In search of self
Throughout our life stories, we shape the chief protagonist – ourselves. By Julian Baggini
Identity is much more mutable than we commonly imagine, shifting to match the various roles we play and the contexts in which we act. We sustain a sense of self not by always being the same, but by always adapting with integrity.
In Shakespeare’s Hamlet, Polonius’s advice to the young prince – “To thine own self be true” – has become a self-help cliché. Yet far from being a glib platitude, these six monosyllables raise profound questions. Being “true to thine own self” is more easily said than done.
In the corporate world, the idea of “authentic leadership” has been popular since Bill George’s book of the same name was published in 2003. There is much to be said for this idea, in particular the need to align strategy, action and values. But it seems to me that there is a philosophical problem at its heart. To be true to yourself, you need to have a clear sense of your identity – of what you are being true to. Only then can you claim to be acting authentically, in line with your core values. But how do we acquire this clear sense of identity? Who are you, really? This is a philosophical question, not a management puzzle. Our identity, common sense tells us, is a given; we each have a kind of fixed essence that makes us who we are, so all we have to do is to recognise and acknowledge it. On closer examination, however, identity is much more complicated.
First, identity is context-dependent. The same person can be aCEO, a daughter, a mother and a hiker. A person will feel, act and even think differently in the presence of siblings and parents and of colleagues in a boardroom. We all know the experience of almost regressing to our childhood selves at family reunions. Psychologists have even shown that what we remember varies according to context. Knowledge that we have at our fingertips when we sit at a desk working on a spreadsheet can be very hard to bring to mind when we are out with friends, walking in the countryside.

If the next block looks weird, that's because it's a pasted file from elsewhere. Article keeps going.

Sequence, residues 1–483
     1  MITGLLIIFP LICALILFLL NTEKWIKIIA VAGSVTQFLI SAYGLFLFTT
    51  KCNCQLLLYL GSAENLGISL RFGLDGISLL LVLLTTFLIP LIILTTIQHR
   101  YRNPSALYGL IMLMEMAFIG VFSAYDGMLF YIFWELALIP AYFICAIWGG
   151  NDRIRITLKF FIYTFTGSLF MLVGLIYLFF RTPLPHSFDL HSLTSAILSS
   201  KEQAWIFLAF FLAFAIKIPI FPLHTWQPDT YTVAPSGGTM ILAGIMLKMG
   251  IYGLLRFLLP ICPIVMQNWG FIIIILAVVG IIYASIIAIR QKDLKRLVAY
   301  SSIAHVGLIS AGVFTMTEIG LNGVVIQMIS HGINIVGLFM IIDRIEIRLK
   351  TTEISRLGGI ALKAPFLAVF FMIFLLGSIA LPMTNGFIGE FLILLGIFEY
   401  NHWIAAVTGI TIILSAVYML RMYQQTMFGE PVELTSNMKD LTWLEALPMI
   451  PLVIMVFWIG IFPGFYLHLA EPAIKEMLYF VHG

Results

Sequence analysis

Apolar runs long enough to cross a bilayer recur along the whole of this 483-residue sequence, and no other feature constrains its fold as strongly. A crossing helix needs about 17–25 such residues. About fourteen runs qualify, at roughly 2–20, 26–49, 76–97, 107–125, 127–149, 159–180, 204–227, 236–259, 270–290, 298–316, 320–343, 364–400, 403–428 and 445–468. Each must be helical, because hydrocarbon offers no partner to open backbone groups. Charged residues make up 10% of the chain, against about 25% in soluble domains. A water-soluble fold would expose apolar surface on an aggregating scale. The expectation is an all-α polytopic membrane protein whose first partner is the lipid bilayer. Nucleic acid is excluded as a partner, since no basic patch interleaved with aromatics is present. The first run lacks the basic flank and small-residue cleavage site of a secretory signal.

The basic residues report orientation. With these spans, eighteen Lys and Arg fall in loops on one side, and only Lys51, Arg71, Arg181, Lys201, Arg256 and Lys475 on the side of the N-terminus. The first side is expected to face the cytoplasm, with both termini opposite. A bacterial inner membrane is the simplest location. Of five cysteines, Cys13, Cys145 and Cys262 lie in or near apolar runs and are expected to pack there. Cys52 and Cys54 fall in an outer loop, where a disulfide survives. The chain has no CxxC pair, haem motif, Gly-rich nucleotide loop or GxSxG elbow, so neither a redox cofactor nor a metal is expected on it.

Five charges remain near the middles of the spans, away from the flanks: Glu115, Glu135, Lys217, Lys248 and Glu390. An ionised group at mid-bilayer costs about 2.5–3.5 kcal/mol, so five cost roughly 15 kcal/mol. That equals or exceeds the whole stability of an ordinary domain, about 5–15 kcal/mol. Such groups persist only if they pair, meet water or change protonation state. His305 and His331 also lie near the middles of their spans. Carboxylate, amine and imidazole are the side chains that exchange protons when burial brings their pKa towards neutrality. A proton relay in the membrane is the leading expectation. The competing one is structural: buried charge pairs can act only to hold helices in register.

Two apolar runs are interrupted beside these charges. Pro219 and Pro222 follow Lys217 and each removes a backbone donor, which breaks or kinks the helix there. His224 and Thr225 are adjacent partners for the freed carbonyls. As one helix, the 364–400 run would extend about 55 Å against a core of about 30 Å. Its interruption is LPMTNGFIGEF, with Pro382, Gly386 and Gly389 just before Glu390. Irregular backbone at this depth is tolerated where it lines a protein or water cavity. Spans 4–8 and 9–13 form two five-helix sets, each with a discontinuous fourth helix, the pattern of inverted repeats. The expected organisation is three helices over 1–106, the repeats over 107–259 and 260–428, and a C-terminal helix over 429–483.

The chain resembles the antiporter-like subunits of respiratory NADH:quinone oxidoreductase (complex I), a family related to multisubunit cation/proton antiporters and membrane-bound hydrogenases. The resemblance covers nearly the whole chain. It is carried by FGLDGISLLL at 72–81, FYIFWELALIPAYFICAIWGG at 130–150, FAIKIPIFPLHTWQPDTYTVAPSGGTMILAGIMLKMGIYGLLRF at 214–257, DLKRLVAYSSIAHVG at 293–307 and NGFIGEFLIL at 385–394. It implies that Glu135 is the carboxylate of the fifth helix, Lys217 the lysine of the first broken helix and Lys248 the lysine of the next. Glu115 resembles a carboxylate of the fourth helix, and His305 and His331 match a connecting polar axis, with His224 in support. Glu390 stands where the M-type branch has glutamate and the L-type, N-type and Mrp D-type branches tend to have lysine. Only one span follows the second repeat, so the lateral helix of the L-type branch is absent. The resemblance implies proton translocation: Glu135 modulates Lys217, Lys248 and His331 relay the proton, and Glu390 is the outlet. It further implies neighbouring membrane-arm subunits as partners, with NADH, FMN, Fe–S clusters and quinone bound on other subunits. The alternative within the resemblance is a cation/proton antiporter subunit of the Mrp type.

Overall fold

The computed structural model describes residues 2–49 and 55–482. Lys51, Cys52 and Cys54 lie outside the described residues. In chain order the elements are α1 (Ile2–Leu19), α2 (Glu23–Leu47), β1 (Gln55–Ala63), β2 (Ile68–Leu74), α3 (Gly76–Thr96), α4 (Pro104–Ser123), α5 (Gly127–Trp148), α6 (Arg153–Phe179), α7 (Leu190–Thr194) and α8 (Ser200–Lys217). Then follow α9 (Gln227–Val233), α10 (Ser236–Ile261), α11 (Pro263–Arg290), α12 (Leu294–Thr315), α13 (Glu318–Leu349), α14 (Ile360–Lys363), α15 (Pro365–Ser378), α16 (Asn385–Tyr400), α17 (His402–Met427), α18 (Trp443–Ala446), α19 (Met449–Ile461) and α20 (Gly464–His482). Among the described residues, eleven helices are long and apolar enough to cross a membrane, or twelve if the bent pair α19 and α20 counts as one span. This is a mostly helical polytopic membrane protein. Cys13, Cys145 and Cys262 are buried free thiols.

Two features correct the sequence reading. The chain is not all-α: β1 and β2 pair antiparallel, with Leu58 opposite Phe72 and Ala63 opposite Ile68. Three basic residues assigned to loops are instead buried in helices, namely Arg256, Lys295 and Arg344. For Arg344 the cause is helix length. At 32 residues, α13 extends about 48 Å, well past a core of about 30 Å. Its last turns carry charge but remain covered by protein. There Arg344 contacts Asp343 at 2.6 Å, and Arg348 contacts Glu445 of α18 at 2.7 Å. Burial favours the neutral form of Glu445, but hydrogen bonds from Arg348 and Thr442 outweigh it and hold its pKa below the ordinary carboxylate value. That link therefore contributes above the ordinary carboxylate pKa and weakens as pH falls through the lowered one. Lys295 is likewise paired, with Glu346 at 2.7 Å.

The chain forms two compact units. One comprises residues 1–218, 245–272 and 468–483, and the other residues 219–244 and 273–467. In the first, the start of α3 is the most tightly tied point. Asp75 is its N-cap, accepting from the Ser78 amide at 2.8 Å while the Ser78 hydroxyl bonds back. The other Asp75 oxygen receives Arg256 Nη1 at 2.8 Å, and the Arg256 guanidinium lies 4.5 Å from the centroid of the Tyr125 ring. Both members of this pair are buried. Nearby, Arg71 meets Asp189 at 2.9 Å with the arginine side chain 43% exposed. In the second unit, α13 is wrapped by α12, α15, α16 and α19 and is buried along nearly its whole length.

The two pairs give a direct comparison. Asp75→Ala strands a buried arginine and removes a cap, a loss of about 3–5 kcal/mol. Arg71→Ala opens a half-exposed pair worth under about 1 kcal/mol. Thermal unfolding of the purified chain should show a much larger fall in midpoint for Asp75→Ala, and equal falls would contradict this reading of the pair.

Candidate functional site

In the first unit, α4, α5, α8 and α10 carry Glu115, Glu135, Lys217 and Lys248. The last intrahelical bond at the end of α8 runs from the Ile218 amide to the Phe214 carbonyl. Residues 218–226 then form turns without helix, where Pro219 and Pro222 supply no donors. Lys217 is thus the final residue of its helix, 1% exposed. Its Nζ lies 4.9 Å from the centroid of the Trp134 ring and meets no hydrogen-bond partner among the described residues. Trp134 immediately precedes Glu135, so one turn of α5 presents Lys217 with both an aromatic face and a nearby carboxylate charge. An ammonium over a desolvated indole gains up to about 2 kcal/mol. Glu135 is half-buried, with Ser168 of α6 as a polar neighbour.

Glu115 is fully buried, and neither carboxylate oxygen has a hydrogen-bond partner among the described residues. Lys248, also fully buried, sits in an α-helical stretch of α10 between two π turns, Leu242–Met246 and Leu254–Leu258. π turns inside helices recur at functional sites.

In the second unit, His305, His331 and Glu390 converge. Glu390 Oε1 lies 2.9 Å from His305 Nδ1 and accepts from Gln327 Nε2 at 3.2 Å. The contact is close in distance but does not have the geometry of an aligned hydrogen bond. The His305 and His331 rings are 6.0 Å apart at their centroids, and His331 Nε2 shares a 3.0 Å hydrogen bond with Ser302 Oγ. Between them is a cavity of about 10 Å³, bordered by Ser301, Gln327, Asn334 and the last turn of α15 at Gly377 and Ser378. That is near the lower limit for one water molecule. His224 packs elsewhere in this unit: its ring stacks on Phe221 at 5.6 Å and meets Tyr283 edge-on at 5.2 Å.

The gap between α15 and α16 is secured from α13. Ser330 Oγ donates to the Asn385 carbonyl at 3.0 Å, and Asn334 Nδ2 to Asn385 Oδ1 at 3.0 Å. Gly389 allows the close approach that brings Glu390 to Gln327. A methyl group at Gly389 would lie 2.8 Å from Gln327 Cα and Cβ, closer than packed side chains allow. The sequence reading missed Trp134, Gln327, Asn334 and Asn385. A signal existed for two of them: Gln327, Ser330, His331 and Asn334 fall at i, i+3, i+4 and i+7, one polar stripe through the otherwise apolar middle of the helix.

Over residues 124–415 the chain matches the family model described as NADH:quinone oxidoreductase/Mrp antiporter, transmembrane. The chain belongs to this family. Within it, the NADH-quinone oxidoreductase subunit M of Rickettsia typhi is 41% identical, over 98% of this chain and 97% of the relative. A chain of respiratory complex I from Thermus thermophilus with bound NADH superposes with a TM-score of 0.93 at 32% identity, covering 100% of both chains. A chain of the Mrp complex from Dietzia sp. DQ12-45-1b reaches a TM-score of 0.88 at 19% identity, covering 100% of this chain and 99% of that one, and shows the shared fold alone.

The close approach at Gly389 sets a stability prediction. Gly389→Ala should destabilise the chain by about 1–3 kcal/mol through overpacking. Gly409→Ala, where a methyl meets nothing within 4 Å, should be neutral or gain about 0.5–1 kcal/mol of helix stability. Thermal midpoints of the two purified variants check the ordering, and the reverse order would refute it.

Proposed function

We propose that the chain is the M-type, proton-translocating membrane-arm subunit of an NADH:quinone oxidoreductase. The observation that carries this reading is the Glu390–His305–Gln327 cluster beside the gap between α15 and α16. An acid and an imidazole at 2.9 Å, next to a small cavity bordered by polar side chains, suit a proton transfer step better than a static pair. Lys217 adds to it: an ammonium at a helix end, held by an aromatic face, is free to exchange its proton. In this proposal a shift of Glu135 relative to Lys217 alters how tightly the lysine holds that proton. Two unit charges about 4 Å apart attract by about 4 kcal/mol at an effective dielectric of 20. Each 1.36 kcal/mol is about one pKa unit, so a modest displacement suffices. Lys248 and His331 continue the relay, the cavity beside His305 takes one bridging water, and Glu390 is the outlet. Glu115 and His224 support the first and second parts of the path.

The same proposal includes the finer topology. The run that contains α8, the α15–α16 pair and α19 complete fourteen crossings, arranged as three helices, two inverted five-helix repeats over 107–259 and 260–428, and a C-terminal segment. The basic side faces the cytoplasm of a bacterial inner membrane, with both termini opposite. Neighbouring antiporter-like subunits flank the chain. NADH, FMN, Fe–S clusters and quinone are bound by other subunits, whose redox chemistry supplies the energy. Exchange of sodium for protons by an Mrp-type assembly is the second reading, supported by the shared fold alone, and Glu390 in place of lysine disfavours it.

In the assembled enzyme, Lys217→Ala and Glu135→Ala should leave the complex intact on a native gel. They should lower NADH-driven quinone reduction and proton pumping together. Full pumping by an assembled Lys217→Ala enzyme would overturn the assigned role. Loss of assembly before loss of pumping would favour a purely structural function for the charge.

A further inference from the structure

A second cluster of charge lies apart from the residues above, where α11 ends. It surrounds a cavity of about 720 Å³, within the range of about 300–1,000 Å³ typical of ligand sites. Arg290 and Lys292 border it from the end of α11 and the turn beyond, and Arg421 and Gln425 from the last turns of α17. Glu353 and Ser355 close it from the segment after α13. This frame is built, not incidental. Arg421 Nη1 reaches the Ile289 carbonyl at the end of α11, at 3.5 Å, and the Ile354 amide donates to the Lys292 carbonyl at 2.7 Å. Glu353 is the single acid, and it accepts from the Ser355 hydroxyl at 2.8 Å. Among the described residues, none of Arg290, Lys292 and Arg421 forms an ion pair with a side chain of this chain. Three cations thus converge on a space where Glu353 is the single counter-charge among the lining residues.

Second, our identities are in flux. Certain fundamental personality traits – such as introversion and extroversion – do appear to remain constant throughout life. But what we build on these foundations can change considerably over time. People move from back-room to management roles, for example, gradually taking on the identity of a leader. In private life, it is common for people to shift from identifying themselves as free-wheeling, young bons viveurs to assuming an identity as responsible parents. This implies that our identities are alterable to some degree.
Third, we can have varying attachments to our identities. Some we might feel very strongly indeed, unable even to imagine, for example, that our political or religious identity might no longer exist. Other identities we can carry much more lightly. An introverted public speaker can embrace the identity of the inspirational performer without ever feeling that it is an essential part of who he or she is. We identify with some of our identities more than with others.
Identity is, therefore, much more mutable than we commonly imagine. How can we use that to our advantage? First and foremost, we can resist falling into the trap of expectations, both our own and those of others. Too often, we assume that a particular identity is accompanied by particular characteristics, even though history shows that these assumptions are also highly variable. CEOs, for example, have at various times been thought of primarily as micro-managers, financial planners, team leaders, autocrats, visionaries, inspirers and strategic directors. What we assume to be essential to the identity of a CEO is often just the current fashion. Any role we take on always provides an opportunity to forge an identity of our own rather than conforming to an identity already associated with it.
Similarly, we can liberate ourselves from the pressure to conform to the identity we and others assume we have. The “safe pair of hands” might decide the time is right to take a risk; the “strong leader” might spot an opportunity for some productive delegation; the “good listener” might decide it’s time to speak for a change. When we spell this out, it sounds obvious. But identity can be a beguiling trap, and it often takes a self-conscious reminder that we are not bound by it to free ourselves from its chains.
We should also remember that identities can shift with context and make the most of that fact. Consistency is not sameness. There is no contradiction between being softly spoken in some contexts and speaking forcefully in others, as long as we are not conveying contradictory messages. Similarly, a major contract might call for hard bargaining, while an employee’s request for flexible working might require as much flexibility as we can provide. So we need to avoid cultivating identities that are too sweeping, such as “I am a tough negotiator” or “I am an accommodating manager”.